The significance of the Act of Consecration


By Corinne Winter

On March 25, Pope Francis, together with the bishops of the world, consecrated Russia and Ukraine to the Immaculate Heart of Mary. He is not the first to do so. The entire world and Russia specifically have been so consecrated a number of times during the 20th century, beginning in 1942. In 1984, Pope St. John Paul II asked all bishops of the world to join him in consecrating the world and Russia especially to the Immaculate Heart of Mary. What is the significance of the current Act of Consecration?

Most of us are familiar with images of Mary that illustrate the title Immaculate Heart. In those images, Mary draws attention to her heart, which is surrounded by roses, often bleeding, burned by flames and pierced by at least one sword. The picture calls to mind the words of Simeon at Jesus’ presentation in the temple: “a sword will pierce your own soul (Luke 2:33).” It reminds us that Mary, as mother, shared in the suffering of Jesus. Indeed, pictures of the Immaculate Heart are usually paired with pictures of the Sacred Heart of Jesus. Devotion to the Heart of Mary grew alongside devotion to the Sacred Heart and, liturgically, the memorial of the Immaculate Heart follows immediately the feast of the Sacred Heart.

Keeping in mind Mary’s union with the work of Jesus, we understand that Mary’s compassion extends to all for whom Jesus suffered, that is, to the whole world. Many accounts of Marian apparitions and of miracles attributed to her intercession are set among the poor and marginalized of the world. Historically, papal consecration of the world and of particular nations to the Immaculate Heart took place during war times. Three Portuguese peasant children who experienced apparitions of Mary at Fatima in 1917 stated that Mary wanted Russia consecrated to her Immaculate Heart. Those apparitions took place during World War I and the Russian revolution. Pope Pius XII consecrated the world to the Immaculate Heart during and shortly after World War II and Pope St. John Paul asked all the bishops of the world to join him in so consecrating Russia in 1984 during a time of great concern over the threat of nuclear war.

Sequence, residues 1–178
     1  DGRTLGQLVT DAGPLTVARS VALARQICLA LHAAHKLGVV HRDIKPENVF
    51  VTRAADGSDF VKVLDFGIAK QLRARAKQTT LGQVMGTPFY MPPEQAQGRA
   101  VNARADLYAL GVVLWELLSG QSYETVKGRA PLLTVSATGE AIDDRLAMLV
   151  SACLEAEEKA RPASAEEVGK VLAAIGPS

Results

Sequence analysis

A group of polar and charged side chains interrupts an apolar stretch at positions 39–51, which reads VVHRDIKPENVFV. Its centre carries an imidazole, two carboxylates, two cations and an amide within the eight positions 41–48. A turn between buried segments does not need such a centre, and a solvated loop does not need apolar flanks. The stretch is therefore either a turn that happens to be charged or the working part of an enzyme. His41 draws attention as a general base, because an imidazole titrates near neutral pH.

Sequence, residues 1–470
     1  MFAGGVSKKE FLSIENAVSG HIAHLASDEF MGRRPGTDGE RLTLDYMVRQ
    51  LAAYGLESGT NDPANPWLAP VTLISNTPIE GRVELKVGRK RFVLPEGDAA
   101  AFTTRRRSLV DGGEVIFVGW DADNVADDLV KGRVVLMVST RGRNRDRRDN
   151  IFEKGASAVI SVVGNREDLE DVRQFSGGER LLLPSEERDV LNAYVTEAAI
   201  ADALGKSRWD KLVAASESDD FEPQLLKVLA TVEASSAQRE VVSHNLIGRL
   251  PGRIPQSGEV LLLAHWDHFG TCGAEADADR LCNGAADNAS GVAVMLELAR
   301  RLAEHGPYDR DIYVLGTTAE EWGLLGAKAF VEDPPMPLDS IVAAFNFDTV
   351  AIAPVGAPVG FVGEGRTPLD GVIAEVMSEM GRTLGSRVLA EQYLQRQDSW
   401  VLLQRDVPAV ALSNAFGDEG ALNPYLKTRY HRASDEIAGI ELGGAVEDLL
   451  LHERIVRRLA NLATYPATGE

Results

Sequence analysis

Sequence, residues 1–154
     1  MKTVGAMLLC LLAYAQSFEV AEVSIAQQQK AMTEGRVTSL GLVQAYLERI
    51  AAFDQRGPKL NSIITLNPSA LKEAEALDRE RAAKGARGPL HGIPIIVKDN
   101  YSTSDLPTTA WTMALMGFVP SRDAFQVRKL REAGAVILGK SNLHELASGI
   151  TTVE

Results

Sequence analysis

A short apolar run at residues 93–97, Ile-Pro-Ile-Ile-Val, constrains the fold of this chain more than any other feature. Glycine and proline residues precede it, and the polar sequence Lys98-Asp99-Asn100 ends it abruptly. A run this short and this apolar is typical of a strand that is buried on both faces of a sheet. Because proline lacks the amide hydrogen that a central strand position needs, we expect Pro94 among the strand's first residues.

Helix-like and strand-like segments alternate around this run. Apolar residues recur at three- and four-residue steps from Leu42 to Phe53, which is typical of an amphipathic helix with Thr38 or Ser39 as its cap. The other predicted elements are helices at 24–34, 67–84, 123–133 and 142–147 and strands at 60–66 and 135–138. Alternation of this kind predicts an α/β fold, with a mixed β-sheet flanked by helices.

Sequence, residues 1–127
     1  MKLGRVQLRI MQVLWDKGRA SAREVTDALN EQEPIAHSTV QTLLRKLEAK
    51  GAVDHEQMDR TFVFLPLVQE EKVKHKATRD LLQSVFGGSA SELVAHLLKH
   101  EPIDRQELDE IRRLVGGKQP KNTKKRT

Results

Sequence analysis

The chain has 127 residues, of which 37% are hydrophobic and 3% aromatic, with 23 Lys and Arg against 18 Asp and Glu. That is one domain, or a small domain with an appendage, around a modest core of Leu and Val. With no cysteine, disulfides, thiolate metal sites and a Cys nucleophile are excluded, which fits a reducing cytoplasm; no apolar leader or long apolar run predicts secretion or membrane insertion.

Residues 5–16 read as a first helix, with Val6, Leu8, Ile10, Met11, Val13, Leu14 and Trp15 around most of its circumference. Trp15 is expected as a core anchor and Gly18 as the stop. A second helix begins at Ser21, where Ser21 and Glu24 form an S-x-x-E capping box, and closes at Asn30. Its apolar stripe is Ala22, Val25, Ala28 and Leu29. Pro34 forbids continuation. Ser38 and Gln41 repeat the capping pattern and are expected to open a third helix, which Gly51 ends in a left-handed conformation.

Devotion to the Immaculate Heart of Mary also builds on the fact that the heart represents a person’s full dedication. Thus, under the title of Immaculate Heart, we recognize Mary’s total devotion and obedience to God. Mary’s whole-hearted cooperation with God’s plan of salvation is also celebrated on the Solemnity of the Annunciation of the Lord, the day Pope Francis chose for the consecration. Individuals and communities who consecrate themselves to the Immaculate Heart of Mary pledge themselves to fidelity to God and to God’s law, to the work to which God calls us in Christ, and to the care for others. They also ask Mary’s intercession that they may have the grace to be faithful to their pledge. Those were the themes of writings and prayers of medieval saints such as Anselm, Bernard of Clairvoux, Mechtild and Ger­trude, early proponents of devotion to the Immaculate Heart.

The consecration of Russia and Ukraine by the bishops together with the pope did not include making such promises on behalf of those being consecrated. Rather, it was an act of entrusting them and their needs to the compassionate intercession of Mary and to the love of God shown in the work of Jesus. It was an act of faith in the power of prayer and an expression of solidarity with the people of Russia and Ukraine, who are suffering because of the invasion.

We are also called to act as instruments of God’s compassion. Faith and prayer move us to action. While Russia and Ukraine are distant from us geographically, we are one with them in Christ through the power of the Holy Spirit. We must consecrate the heart of the Church and our individual hearts to do all we can to alleviate the suffering of our brothers and sisters in Ukraine, Russia and throughout the world.

(Corinne Winter is a professor-emerita of St. Ambrose University, Davenport.)

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